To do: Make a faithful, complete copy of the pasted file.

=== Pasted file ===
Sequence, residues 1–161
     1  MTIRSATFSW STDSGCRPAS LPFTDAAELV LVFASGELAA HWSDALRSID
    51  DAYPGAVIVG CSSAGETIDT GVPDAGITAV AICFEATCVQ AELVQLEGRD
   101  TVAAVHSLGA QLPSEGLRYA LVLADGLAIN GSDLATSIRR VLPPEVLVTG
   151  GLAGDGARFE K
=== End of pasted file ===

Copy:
Sequence, residues 1–161
     1  MTIRSATFSW STDSGCRPAS LPFTDAAELV LVFASGELAA HWSDALRSID
    51  DAYPGAVIVG CSSAGETIDT GVPDAGITAV AICFEATCVQ AELVQLEGRD
   101  TVAAVHSLGA QLPSEGLRYA LVLADGLAIN GSDLATSIRR VLPPEVLVTG
   151  GLAGDGARFE K